We arrived at Big Water again to the greeting of my amazing family and friends, they are seriously amazing.  I’m not sure if they realize how happy they make me.  Knowing that this silly event I was partaking in was an excuse for them to go into Millcreek Canyon on one of the most perfect of evenings made me happy too.  I crawled up to Dog and then Desolation Lake.  I had a brief chunder session just prior to Desolation, but it only slowed me down for a few minutes.  Kelly and I hit the aid station and then quickly climbed up to Red Lovers ridge and the Wasatch Crest trail.  Sadly I just didn’t have any gas and couldn’t pick up the pace much, so I just stayed in 2nd or 3rd gear all the way to Scott’s Pass AS.  I continued like this to Brighton and was hoping that I’d get something back there.

My family and support crew only got bigger at Brighton!  As I left there with my good friend Mike Dawson (my pacer for the final 25 miles) and climbed up to Sunset Peak I thought about how incredibly blessed I am.  It was this thought that carried me to Ant Knolls.  From here over to Pole Line I was again stuck in 3rd gear or less, I just didn’t have the push that I wished I had had.  Coming down into Pole Line I looked back and 2 lights were coming at us incredibly fast, somebody had a strong second wind, I couldn’t wait to see who it was.  I was so happy to see that it was my friend Matt Hart who I hadn’t seen since Lambs Canyon and boy did he look good.  He was ripping as if he hadn’t even run a mile.  It looked like his pacer was struggling to stay with him.  Kudos to Matt for pulling so well to the finish, that is the most incredible feeling….

But, back to my race, which I was struggling to keep together.  My stomach went south and was characterized by some pretty pitiful vomiting episodes and whining.  Fortunately I had Mike with me.  He’s as tough as they come and honestly I was a bit embarrassing at how pitiful I felt and must have looked.  I kept picking myself up and putting it into ultra-slog mode and pushing on.  I couldn’t keep anything down, no water, no gel, nothing!  It’s a pretty fascinating state to be in because you’re really forcing your body to do things that it is quite clearly telling you that you shouldn’t.  And, since you’re stomach has pretty much told you to go to hell, your muscles go elsewhere for the needed sustenance to maintain forward motion.  I had been here previously more times that care to admit so I knew I could slog it to the finish line, but it was a bit miserable.  I could feel my metabolizm change from consuming calories I was putting into my stomach, over to burning fat and muscle.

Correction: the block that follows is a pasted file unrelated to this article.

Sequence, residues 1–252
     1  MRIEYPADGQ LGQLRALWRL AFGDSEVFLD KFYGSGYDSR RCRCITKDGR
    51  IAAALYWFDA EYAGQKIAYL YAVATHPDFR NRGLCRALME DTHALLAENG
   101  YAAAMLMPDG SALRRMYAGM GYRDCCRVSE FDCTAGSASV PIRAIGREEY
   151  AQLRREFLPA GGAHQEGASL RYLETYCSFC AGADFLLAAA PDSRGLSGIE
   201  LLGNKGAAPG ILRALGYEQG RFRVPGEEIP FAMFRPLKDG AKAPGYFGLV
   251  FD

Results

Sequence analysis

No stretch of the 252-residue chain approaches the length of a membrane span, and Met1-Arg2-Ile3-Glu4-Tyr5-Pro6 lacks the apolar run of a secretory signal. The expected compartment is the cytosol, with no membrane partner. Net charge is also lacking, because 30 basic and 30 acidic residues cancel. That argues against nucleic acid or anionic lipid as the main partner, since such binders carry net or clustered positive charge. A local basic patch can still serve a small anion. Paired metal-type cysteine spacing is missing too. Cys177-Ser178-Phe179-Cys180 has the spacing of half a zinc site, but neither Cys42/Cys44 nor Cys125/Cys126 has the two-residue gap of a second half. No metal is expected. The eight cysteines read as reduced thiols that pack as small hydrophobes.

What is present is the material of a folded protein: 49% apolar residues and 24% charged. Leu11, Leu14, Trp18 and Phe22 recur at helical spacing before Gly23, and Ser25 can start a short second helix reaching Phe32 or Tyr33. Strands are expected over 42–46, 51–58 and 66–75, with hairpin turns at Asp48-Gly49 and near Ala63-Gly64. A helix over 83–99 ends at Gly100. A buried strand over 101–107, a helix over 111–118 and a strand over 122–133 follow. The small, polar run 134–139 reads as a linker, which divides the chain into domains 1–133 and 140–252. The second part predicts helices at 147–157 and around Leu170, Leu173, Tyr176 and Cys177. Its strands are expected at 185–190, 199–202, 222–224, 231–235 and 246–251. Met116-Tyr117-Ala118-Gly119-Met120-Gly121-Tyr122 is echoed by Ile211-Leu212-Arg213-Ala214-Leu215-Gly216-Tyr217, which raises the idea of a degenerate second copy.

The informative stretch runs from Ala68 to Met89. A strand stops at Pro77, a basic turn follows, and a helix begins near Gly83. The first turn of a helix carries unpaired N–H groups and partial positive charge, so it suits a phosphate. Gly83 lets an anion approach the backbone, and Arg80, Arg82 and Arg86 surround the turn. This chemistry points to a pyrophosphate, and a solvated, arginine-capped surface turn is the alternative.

Despite the less than ideal physical state I was in, I was still scheming how I was going to pull off Lotoja, a rather dreadful thought to be honest.  As Mike and I left Pot Bottom and worked our way to the finish it was interesting already moving onto the next event in my mind.

Me and mother Teresa at the finish line of Wasatch 100, 2010

I finished to a small gathering of my family and friends who so kindly got up and drove to the Homestead at such a god-forsaken hour of the morning (3:39 AM).  Then, I showered and jumped in the truck en-route to Logan.  As I laid in the back of the truck while Mindy drove I thought long and hard about if I could pull it off.  Things were not looking good, I had to be honest with myself.  When we arrived in Logan at just after 6AM, Mindy started gearing up and I hobbled around, still unable to make up my mind.  My stomach was saying “hell no”, my dilusional brain was saying, “sure, at least give it a try”, and my mom was saying, “oh honey, you don’t need to do this, let’s all just go have breakfast and get some sleep”  After some final pondering and trying to think logically with my completely fried brain I opted for my mother’s suggestion, which in the end was a very good thing.

Me in Logan at 6AM for the Lotoja start.